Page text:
After drinking a few beers I thought I better hide a bit better. I walked about ten yards deeper into the shrubbery then sat on my backpack. Thirty minutes later a freight train came squealing around the curve. I hopped out of the bushes and into an open boxcar. At this point, my travels in 1992 had never taken me on the D&H railroad. I didn’t care where this freight train went, as long as I was riding this train, I would be more happier than anyone in the world!
About twelve miles of riding, we entered the town of Schenectady, New York. The train pulled into the old Mohawk Yard just north of town. Once we pulled into the yard, the locomotive units were taken off my train so it could be re-worked by a smaller, lower powered set of yard switching units. I bailed off my boxcar and hid my backpack and bed roll in the woods really well. I then walked into town to the grocery store. I bought pop-top canned clam chowder, a gallon of drinking water and a fresh case of ice cold beer.
Walking back to the railroad yards I found three dollars cash on the shoulder of the road! I thought right away this must be a good sign. I lucked out when the bull had given me cash plus finding that money! This had paid for both my food and beer. By now the train I had come into Schenectady on was being shucked around and sorted out. I had to wait until the yardmen were finished with their work before finding an empty boxcar to get inside.
Nightfall came fast enough. I found a good, clean, empty boxcar. I crawled inside and laid out my bedroll. I fell fast to sleep. During the night, five large Delaware & Hudson locomotive units hooked to the set of cars I was on then took off eastward. I was sleeping so sound I never realized we left the yards. I was totally unaware of my location. We rolled into a very long tunnel that was almost five miles long! Being I was so close to our five locomotive units, by the time I exited the tunnel, my hair was stiff as a board! I was filthy, dirty and sooty from diesel exaust of the units inside the tunnel, under the mountain. It was indescribably hot inside as well! Once we were out the other end of the tunnel, I still was unsure of where I was. I looked for a water tower that might have a township name on its side, or a company van or truck that might have a town name on its door. After about an hour of not knowing where I was, a school bus had pulled up to a railroad crossing. As I passed this bus, I was able to read the name, Pittsfield, Massachusetts ISD, on the side of the bus. I now knew where I was. I had crossed through the heart of the Appalachian Mountains through the famous Hoosac Tunnel! I had learned that the route I had taken was the famous Mohawk route. I also learned the D&H railroad was the oldest railroad in North America as well!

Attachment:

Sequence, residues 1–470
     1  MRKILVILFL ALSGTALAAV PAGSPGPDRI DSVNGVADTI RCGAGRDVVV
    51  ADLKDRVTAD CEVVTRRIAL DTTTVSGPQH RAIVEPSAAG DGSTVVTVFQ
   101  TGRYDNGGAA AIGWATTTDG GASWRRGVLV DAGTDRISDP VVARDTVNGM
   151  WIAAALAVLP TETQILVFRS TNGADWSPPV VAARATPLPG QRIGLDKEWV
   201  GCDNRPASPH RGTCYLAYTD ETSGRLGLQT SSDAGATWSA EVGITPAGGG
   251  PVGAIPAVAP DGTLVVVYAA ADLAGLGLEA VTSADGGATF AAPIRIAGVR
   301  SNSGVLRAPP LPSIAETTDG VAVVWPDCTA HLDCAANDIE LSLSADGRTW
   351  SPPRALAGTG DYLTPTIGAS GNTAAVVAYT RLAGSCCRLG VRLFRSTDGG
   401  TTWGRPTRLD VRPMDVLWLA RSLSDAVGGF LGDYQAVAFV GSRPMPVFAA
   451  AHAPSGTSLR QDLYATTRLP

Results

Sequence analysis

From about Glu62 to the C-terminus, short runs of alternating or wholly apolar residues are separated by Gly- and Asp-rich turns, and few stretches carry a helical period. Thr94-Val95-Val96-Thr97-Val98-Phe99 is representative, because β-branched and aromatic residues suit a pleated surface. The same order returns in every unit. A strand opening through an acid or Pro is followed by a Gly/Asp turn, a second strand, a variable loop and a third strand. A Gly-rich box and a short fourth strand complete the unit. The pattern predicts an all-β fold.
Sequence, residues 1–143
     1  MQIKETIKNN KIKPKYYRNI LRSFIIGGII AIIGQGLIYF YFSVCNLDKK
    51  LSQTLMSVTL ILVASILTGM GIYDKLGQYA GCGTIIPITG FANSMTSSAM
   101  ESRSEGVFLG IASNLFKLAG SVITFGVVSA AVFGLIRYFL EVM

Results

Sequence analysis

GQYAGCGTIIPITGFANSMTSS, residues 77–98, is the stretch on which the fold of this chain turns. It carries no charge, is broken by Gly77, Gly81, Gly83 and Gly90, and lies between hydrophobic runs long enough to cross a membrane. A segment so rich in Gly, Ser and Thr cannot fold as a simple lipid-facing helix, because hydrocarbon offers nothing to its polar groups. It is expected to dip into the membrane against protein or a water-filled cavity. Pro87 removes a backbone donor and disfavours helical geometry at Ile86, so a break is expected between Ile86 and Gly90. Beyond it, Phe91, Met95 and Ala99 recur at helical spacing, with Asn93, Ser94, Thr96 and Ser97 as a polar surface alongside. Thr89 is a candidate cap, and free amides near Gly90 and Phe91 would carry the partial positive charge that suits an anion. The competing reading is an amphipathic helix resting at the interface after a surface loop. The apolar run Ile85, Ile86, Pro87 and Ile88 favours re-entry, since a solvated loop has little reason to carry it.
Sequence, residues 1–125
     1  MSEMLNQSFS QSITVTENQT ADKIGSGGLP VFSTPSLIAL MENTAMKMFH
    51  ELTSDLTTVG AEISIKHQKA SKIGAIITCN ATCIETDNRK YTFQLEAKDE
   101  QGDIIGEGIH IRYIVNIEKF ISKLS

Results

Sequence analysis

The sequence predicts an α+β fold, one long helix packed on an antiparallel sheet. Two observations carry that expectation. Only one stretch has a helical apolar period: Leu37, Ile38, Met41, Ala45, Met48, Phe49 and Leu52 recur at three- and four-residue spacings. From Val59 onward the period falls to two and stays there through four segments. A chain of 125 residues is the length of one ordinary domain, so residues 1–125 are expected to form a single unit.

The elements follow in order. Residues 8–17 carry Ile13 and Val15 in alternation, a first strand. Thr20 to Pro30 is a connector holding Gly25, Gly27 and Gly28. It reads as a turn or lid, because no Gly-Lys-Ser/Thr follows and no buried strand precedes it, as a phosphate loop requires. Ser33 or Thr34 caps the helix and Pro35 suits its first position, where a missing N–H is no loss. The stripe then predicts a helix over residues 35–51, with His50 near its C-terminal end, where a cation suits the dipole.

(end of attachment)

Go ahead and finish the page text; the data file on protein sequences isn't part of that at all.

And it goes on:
The Hoosac Tunnel travels under these mountains here. This is on top of the tunnel!
After a hammering ten hour trip, I pulled into Worcester, Massachusetts. I bailed off the train here and made camp. Later that same day, I again caught out. This time on the “Guilford” railroad system. I rode all the way to Dover, New Hampshire, where we made another crew change. I finally made it north to the Rigby Yards of South Portland, Maine by the next evening.
What a magical trip this had been! I have since rode this very route many times. Also what a place the state of Maine had been after that for me too. Eventually I caught out on another freight train and rode up further to Bangor, Maine, where after that I got a hot shower, shaved and washed all my clothing at the laundry mat. I was then ready for my next adventure!
This is the entrance to the Hoosac Tunnel. The Hoosac Tunnel is 4.75 miles long!